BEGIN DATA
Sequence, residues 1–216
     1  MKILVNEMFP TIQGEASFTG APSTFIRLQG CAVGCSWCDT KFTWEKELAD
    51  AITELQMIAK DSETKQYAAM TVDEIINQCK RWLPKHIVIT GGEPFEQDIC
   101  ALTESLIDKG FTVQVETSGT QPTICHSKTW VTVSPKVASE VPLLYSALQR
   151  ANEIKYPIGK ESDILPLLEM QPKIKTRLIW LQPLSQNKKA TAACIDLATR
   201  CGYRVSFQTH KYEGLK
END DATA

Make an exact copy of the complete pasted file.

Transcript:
Sequence, residues 1–216
     1  MKILVNEMFP TIQGEASFTG APSTFIRLQG CAVGCSWCDT KFTWEKELAD
    51  AITELQMIAK DSETKQYAAM TVDEIINQCK RWLPKHIVIT GGEPFEQDIC
   101  ALTESLIDKG FTVQVETSGT QPTICHSKTW VTVSPKVASE VPLLYSALQR
   151  ANEIKYPIGK ESDILPLLEM QPKIKTRLIW LQPLSQNKKA TAACIDLATR
   201  CGYRVSFQTH KYEGLK